Never let someone else do your thinking for you. Investigate things for yourself and come to your own conclusions. Learning to think critically is one of the most important skills that you can have, and you will find that it is one of the most common traits among those that are truly “awake” to what is going on in the world.

The truth is out there, and if you diligently seek it you will eventually find it.

Michael Snyder is a Republican candidate for Congress in Idaho’s First Congressional District, and you can learn how you can get involved in the campaign on his official website. His new book entitled “Living A Life That Really Matters” is available in paperback and for the Kindle on Amazon.com.

Why Are So Many Conservatives, Preppers And Christians Moving To The Great Northwest?

Montana Landscape

Thousands of Americans are flocking to “Big Sky” country, and this movement has become so prominent that it has even caught the attention of the mainstream media.  Within the last several weeks, both The Chicago Tribune and The Economist have done major articles on this phenomenon.  From all over the country, conservatives, preppers and Bible-believing Christians are moving to Montana, Wyoming, Idaho and the eastern portions of Oregon and Washington.  As you will see below, this region has become known as the “American Redoubt”, and for a variety of reasons it is considered by many survivalists to be one of the top “safe zones” for when things really start falling apart in this nation.

Many of you that are reading this article may think that it is quite strange that families are quitting their jobs, packing up everything they own and moving to the middle of nowhere, but for those that are doing it this actually make perfect sense.  A recent Chicago Tribune article on this phenomenon began by profiling an ex-California couple that decided to flee the state for the friendly confines of north Idaho…

Don and Jonna Bradway recently cashed out of the stock market and invested in gold and silver. They have stockpiled food and ammunition in the event of a total economic collapse or some other calamity commonly known around here as “The End of the World As We Know It” or “SHTF” – the day something hits the fan.

The Bradways fled California, a state they said is run by “leftists and non-Constitutionalists and anti-freedom people,” and settled on several wooded acres of north Idaho five years ago. They live among like-minded conservative neighbors, host Monday night Bible study around their fire pit, hike in the mountains and fish from their boat. They melt lead to make their own bullets for sport shooting and hunting – or to defend themselves against marauders in a world-ending cataclysm.

And of course the Bradways are far from alone.  Over the past 10 years, approximately five million people have fled the state of California.  If I was living there, I would want to move out too.  Once upon a time, countless numbers of young people were “California Dreaming”, but those days are long gone.  At this point, the California Dream has become a California Nightmare.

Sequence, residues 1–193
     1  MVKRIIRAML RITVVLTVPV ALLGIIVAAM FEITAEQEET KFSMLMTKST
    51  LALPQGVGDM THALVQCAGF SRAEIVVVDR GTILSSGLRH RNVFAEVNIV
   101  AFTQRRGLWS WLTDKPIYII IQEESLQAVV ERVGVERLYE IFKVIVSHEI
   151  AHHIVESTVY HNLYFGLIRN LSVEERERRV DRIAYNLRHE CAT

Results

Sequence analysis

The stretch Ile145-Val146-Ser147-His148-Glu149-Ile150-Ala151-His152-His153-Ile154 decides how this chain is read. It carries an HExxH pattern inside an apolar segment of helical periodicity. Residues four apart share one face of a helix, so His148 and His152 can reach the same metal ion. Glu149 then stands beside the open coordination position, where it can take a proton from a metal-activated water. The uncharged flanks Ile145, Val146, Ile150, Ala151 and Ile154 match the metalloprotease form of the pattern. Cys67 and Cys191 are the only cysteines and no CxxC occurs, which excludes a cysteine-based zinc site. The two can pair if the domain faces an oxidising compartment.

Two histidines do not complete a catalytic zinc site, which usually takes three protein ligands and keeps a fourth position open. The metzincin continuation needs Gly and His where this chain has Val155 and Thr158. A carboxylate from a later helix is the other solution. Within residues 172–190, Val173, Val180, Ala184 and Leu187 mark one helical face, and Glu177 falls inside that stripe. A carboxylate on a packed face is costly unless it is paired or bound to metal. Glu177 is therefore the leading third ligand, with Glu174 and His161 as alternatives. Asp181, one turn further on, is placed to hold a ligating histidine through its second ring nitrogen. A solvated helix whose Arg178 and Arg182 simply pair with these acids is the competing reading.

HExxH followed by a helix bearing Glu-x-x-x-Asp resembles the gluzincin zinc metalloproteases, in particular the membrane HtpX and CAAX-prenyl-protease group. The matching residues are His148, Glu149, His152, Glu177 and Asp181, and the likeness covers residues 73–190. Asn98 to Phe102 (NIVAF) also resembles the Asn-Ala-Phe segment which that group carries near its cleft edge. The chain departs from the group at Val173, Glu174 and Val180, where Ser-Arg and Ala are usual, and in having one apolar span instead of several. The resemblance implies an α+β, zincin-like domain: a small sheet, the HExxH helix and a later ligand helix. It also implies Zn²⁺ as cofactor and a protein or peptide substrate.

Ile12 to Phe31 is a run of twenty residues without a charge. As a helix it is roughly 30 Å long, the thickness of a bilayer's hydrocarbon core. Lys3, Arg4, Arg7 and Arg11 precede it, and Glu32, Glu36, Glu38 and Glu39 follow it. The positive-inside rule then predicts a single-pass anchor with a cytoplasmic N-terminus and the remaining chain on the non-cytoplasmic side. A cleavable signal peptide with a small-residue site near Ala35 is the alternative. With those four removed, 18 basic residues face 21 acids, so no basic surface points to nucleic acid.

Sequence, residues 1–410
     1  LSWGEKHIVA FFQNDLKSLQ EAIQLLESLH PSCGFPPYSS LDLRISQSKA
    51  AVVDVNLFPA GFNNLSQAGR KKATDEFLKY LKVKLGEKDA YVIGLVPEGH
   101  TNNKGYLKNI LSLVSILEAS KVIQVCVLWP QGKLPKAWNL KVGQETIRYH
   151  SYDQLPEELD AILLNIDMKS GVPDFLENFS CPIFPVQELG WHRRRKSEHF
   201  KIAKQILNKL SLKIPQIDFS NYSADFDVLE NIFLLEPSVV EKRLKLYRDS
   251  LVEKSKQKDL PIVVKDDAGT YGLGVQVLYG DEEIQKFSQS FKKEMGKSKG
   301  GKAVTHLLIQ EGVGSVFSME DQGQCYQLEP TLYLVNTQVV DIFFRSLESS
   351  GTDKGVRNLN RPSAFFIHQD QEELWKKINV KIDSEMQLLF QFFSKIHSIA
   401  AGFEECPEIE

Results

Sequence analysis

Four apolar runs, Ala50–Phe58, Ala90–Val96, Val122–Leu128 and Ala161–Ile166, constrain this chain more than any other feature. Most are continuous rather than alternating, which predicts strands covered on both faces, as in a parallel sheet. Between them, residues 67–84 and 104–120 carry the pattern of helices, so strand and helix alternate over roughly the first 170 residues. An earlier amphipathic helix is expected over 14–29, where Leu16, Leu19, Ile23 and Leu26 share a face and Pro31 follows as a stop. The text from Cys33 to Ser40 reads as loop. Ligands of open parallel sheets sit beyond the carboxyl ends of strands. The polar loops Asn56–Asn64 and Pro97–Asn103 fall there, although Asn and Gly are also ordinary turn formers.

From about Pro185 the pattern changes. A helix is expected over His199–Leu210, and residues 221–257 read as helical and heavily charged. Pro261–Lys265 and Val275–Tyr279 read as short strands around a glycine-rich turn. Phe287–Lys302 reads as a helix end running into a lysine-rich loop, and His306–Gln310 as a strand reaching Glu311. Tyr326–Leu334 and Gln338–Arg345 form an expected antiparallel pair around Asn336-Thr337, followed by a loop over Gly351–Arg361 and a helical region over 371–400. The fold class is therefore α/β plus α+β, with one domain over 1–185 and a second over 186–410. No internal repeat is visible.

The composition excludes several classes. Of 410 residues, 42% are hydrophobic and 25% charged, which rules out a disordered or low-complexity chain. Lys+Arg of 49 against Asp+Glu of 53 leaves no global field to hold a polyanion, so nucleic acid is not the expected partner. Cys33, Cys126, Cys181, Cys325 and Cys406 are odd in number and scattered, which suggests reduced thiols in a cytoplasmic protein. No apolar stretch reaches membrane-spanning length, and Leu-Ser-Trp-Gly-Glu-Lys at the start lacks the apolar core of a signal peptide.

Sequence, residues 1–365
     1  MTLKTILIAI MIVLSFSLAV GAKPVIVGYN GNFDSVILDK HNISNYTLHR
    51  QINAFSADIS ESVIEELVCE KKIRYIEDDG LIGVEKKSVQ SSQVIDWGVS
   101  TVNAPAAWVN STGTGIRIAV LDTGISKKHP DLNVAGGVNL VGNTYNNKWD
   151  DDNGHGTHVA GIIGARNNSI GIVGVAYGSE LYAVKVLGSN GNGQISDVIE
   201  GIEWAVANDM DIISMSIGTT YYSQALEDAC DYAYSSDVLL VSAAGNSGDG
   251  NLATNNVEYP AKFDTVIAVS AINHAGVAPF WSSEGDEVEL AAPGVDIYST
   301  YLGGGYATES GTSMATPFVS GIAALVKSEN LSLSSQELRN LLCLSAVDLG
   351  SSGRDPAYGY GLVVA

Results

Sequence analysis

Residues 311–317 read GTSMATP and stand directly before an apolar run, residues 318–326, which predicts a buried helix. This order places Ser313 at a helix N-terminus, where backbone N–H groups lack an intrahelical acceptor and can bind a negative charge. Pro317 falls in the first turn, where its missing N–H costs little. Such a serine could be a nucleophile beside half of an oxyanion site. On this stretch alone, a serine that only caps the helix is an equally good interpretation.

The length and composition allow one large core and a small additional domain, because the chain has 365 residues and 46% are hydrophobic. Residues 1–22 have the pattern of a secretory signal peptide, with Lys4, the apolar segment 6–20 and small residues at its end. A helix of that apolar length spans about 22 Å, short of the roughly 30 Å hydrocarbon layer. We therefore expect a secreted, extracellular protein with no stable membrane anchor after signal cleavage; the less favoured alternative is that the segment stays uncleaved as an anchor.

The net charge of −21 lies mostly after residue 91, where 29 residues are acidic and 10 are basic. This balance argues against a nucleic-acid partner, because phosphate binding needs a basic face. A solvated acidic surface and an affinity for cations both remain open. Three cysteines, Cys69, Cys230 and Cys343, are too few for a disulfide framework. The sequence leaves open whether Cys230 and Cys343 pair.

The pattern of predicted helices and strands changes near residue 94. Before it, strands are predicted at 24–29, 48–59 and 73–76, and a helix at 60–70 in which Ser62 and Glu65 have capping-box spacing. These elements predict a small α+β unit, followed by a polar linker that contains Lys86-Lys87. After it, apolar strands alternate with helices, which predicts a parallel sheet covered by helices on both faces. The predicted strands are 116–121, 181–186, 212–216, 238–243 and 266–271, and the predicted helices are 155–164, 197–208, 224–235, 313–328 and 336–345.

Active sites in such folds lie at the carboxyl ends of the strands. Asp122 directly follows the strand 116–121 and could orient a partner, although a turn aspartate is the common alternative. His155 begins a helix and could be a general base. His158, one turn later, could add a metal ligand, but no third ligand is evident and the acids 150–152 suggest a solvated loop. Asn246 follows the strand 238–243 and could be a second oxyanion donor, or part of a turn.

Only a very small percentage of those leaving California have come up to the Great Northwest, but it is a sizable enough number to make a huge impact.  Unfortunately, many of those that have come from California want to turn their new areas into another version of what they just left, and that is often firmly resisted by the locals.

But it isn’t just California – there are people streaming into the “American Redoubt” from all over the nation, and many of them are some of the finest people that you could ever hope to meet.

An article in The Economist points to a 2011 manifesto posted by James Wesley Rawles as the beginning of the “American Redoubt” movement…

In a widely read manifesto posted in 2011 on his survivalblog.com, Mr Rawles, a former army intelligence officer, urged libertarian-leaning Christians and Jews to move to Idaho, Montana, Wyoming and a strip of eastern Oregon and Washington states, a haven he called the “American Redoubt”.

Thousands of families have answered the call, moving to what Mr Rawles calls America’s last big frontier and most easily defendable terrain. Were hordes of thirsty, hungry, panicked Americans to stream out of cities after, say, the collapse of the national grid, few looters would reach the mostly mountainous, forested and, in winter, bitterly cold Redoubt. Big cities are too far away. But the movement is driven by more than doomsday “redoubters”, eager to homestead on land with lots of water, fish, and big game nearby. The idea is also to bring in enough strongly conservative voters to keep out the regulatory creep smothering liberty in places like California, a state many redoubters disdainfully refer to as “the C-word”.

Who wouldn’t want to live where the air is clear, the water is clean and the sky is actually brilliantly blue and not the washed out grayish blue that you get in most major cities?